Wednesday, June 30, 2010
Some of the things I write about in this blog may be similar all over Japan, and some are highly localized. This one is definitely related to not only living in Tokyo, but my particular area. I live in a residential area, but it's almost all concrete. My guess is this is because it's so close to Shinjuku, a major business, government, and shopping center. Our location is great because it makes commuting easier and it's not far from a major transportation hub. However, all of the land in the areas not too far from Tokyo is pretty valuable, and people aren't going to waste it with plots of grass. My exposure to grass is so limited that I was walking to a store about a year ago and smelled something which was vaguely familiar, but I couldn't quite place it at first. I realized that it was fresh-cut grass, and I hadn't smelled it for years.
I grew up in a place that was surrounded by grass and trees, and I miss this close regular contact with nature, so I won't miss the absence of grass around me.
Tuesday, June 29, 2010
When I first started working in Japan, I worked in Ikebukuro not too far from a large building called "Sunshine City". One of my earliest experiences with the sound translation problems from Japanese to English came when students talked about this building in lessons. In Japanese, "si" and "shi" are often used interchangeably so people would say, "Sunshine Shitty". I never laughed when the students said this as it would have been rude, but I always smiled inside because, frankly, it's funny. It's not funny because they're speaking incorrectly as their errors are natural and understandable, but because it's a strange word combination. Another pronunciation problem which was especially amusing included a student saying "fact" as "fucked" (because a/u are a sound problem from Japanese to English). I also once got an obscene call from someone who knew I was a foreigner who said, "fack, fack, fack" instead of "fuck, fuck, fuck." That was by far the funniest because he meant to intimidate me, but I just laughed because he spoke so incompetently that I barely registered his intent before he gave up and hung up the phone.
I'll miss these unexpected, yet amusing mistakes that arise from the differences in how sounds are pronounced in Japanese and English.
Monday, June 28, 2010
Japanese people have been getting heavier as the decades roll by, and if you ask them why, most of them will blame Western food. In particular, they, and many foreigners who live here, will blame the encroachment of American fast food places like McDonald's, Pizza Hut, and KFC. Many hiss and boo at the United States and blame them for distorting the traditional Japanese diet and making the Japanese fatter. To me, this is like blaming the Belgians (for French fries) for Americans becoming fatter. You can lead a person to a fast food place, but you can't make him eat. The Japanese are responsible for patronizing American fast food, making it wildly popular, and getting fatter as a result, not the Americans who offered this slice of culture for their sampling. To assert otherwise would imply that the Japanese are mindless sheep who lack the will to resist whatever is placed before them. They, like every other citizen of every other free country, make their own choices and that includes whatever greasy globs they send down their gullets.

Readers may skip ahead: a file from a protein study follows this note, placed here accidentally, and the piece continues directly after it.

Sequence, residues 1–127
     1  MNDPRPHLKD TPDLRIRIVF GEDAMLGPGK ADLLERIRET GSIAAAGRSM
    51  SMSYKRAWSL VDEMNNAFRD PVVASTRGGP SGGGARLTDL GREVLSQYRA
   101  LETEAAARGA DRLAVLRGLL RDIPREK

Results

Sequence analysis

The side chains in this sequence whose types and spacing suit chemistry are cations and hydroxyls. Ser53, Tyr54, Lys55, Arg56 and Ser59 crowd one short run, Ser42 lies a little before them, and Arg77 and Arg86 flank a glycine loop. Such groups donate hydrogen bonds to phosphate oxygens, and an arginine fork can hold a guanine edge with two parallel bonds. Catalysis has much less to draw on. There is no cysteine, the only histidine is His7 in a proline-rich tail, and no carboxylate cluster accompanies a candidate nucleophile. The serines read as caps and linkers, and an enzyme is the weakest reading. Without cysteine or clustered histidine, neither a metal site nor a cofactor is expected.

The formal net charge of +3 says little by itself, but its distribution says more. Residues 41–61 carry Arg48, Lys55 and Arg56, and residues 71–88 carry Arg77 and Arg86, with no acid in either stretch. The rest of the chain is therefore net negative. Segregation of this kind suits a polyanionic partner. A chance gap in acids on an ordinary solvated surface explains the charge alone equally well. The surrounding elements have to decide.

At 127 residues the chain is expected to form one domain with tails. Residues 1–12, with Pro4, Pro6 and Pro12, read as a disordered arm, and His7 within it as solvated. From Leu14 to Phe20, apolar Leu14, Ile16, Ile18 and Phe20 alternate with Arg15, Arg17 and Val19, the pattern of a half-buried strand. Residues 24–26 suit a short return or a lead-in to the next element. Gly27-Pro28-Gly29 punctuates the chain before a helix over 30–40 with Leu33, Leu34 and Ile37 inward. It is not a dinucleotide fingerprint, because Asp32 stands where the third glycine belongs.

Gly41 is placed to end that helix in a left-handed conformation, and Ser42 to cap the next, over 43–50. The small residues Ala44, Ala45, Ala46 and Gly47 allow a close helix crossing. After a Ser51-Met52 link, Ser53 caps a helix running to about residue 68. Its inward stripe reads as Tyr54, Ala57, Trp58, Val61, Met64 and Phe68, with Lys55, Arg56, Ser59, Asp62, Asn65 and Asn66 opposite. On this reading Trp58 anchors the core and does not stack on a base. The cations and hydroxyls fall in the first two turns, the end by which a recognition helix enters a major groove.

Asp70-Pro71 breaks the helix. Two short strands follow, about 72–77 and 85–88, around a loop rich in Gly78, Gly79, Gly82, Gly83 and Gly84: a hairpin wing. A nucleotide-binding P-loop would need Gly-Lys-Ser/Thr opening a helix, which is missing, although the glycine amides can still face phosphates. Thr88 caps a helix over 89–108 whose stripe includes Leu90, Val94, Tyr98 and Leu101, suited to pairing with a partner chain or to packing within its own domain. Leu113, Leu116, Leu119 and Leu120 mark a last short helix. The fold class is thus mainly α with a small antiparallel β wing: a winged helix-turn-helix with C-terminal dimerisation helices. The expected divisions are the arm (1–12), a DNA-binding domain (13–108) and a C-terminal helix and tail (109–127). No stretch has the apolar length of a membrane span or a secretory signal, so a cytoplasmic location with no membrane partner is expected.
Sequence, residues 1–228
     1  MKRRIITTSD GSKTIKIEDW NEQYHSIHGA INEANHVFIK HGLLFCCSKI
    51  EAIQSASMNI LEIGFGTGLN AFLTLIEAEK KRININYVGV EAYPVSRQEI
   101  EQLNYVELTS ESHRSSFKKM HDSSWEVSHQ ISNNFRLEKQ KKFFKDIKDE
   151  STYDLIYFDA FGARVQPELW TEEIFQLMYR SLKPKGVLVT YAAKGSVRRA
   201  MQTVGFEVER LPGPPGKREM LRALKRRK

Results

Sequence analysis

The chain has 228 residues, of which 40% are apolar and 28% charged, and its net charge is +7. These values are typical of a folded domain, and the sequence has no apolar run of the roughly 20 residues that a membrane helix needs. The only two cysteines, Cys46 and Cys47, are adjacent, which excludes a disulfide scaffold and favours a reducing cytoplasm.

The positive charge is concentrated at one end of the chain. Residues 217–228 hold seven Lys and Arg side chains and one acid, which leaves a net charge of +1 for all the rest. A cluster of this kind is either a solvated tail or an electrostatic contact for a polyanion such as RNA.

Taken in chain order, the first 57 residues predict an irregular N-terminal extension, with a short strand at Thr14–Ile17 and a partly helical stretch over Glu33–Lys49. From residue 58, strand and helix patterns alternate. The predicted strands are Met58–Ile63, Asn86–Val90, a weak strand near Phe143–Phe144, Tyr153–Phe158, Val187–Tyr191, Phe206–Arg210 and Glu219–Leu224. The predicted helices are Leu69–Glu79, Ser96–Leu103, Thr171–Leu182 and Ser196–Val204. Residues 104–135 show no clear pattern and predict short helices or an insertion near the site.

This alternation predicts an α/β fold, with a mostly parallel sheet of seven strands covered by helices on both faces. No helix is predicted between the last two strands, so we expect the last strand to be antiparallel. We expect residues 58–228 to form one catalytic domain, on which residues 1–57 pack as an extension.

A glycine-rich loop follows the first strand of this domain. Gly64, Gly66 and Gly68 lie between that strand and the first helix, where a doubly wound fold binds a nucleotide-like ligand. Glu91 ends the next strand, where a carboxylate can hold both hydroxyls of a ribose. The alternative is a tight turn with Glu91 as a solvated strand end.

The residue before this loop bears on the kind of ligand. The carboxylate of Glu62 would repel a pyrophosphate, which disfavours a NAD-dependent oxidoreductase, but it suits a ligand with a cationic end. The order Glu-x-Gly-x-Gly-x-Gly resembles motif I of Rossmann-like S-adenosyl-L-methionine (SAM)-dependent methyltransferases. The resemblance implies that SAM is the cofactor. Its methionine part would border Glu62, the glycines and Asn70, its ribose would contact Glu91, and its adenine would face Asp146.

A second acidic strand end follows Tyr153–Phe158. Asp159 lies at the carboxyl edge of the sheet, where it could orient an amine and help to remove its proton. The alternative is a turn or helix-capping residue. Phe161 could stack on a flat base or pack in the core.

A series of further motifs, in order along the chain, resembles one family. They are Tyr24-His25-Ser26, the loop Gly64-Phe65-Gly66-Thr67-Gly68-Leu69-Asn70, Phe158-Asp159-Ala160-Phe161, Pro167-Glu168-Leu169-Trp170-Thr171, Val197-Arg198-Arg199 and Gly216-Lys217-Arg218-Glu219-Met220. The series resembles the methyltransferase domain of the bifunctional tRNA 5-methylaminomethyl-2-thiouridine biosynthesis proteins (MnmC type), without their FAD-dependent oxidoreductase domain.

I won't miss the tendency to blame this problem on America.
Sunday, June 27, 2010
Japanese people are crazy about mayonnaise. I don't mean that they enjoy it as a condiment like many Americans. It's like a fifth food group to them. One of my former coworkers used to buy a bowl of instant ramen and a tube of Kewpie mayonnaise (which held about 4 tablespoons of mayo) and he'd squeeze the entire contents into his ramen. There are also mayo snacks and in bakeries you find bread with heaping dollops of the stuff. I like mayonnaise in small quantities, but the Japanese usage exceeds what I (and most Western folks) would consider personally appealing. That being said, I really get a kick out of all of these thin and healthy people eating something we feel is part of instant obesity or heart failure. I also am amused by the types of food items that mayonnaise creeps into or how it dominates a dish in a way I'd never expect. A former acquaintance told me that she once went to dinner at a student's home and was served one giant iceberg lettuce leaf with a heaping helping of mayonnaise on it. There are even mayonnaise fan clubs in Japan.
I'll miss the mayo mania.
Saturday, June 26, 2010
The Japanese government created a program that will pay parents 13,000 yen (about $140) a month for every child they have.* This money, which will come from taxes I pay, is meant to encourage the Japanese to have more kids by alleviating the burden on them financially. I have several problems with this point. First of all, 13,000 yen is a pittance. It is unlikely to encourage anyone who has chosen not to have kids to have them or someone with kids to have more. The money will simply augment the lifestyle choices of those who already have kids so that they can spend more on material possessions. Second, there are many people in the world already and plenty of them are ready, willing, and able to come to Japan to work, pay taxes, and do what Japanese people do. I don't agree with bribing the Japanese to make more people for the sake of making sure the gene pool stays exclusive. Finally, the problems with the birth rate aren't related to money as much as lifestyle. In particular, the oppressive amounts of overtime that people have to work (both men and women). This is not fixing the problem, but trying to deal with it obliquely.
I won't miss this sort of short-sighted, ineffective, wasteful, and frankly racially motivated choice to bribe people to have children.